Trump Accuser Natasha Stoynoff Wants HIM to Face #MeToo Reckoning
PEOPLE writer Natasha Stoynoff -- and the at least 15 other women who have accused President Donald Trump of sexual misconduct -- are still waiting for the reckoning that's rocking the nation to reach the highest office in the land
In October 2016, PEOPLE writer Natasha Stoynoff came forward to accuse then-candidate Donald Trump of attacking her in 2005 by pushing her up against a wall at his Mar-a-Lago estate and shoving his tongue down her throat.
Now, more than a year later, Stoynoff sees accusations of sexual misconduct toppling a long list of once-powerful men in high perches—from Hollywood’s entertainment industry to the news media to state governments—and asks: “Is the President of the United States held to a different standard than, say, Louis C.K.? Or will Trump too face a day of reckoning?”
“Time will tell,” the writer, one of more than a dozen women who have accused Trump of sexual misconduct, says in a column for this week’s issue of PEOPLE.
For more from Natasha Stoynoff, pick up the latest issue of PEOPLE, on newsstands everywhere Friday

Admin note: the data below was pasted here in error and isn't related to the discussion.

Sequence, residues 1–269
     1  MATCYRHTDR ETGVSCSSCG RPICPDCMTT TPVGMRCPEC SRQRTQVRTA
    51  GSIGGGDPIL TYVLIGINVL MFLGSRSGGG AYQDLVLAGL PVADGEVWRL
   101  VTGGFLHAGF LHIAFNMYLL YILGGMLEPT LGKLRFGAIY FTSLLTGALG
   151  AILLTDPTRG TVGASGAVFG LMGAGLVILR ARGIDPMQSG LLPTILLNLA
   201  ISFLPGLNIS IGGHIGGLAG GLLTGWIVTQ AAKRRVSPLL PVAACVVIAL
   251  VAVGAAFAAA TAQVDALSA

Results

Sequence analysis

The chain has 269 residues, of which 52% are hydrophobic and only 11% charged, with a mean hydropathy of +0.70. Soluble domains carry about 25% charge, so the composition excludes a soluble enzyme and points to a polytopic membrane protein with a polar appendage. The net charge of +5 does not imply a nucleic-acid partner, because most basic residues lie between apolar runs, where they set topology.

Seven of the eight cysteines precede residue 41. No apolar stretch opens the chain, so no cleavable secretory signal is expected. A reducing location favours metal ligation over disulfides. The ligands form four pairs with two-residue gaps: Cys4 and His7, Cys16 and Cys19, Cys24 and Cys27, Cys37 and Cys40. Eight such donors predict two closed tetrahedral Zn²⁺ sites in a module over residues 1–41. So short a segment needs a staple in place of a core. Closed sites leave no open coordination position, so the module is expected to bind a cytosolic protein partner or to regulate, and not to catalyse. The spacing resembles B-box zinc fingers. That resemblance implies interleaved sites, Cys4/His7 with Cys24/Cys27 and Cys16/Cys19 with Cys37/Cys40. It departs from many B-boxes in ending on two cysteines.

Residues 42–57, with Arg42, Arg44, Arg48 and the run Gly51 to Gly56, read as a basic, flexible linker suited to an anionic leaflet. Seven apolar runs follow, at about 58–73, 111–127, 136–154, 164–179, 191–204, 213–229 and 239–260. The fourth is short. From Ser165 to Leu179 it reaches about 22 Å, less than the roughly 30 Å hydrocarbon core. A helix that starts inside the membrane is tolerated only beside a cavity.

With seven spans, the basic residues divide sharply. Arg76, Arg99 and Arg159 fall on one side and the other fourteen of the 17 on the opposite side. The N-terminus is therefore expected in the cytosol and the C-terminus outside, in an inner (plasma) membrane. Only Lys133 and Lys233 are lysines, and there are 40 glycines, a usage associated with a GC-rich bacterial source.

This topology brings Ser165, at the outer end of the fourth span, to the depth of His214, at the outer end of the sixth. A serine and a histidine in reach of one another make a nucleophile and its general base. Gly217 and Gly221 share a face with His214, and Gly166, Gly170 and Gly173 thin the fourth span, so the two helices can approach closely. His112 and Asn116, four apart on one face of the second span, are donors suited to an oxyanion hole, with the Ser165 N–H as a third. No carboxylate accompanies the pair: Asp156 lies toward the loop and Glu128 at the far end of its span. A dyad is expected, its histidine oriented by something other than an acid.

But Stoynoff adds that she’s “hopeful this revolution will take hold” thanks to the millions of brave women—and men—who have come forward in recent weeks with their own experiences of sexual harassment, abuse and assault.
“After suffering in silence, sometimes for decades, women stepped forward from every sector of society — actors, politicians, prison guards, students, scientists, waitresses, salespeople — to say #MeToo and tell their stories,” she says. “The enormity of their number is gobsmacking.”
RELATED VIDEO: PEOPLE Writer Natasha Stoynoff Breaks Silence, Accuses Donald Trump of Sexual Attack
“Watching from the sidelines, I wanted to hug each and every one of you,” she writes.
And until Trump’s potential judgement day arrives, Stoynoff says, “we have strength in numbers — and in our persistence.”
“Each person who raises her voice against sexual misconduct today helps lead to its extinction tomorrow. So that one day, the phenomenon of men imposing themselves sexually will be just a bad memory for us and shameful history to our grandchildren.”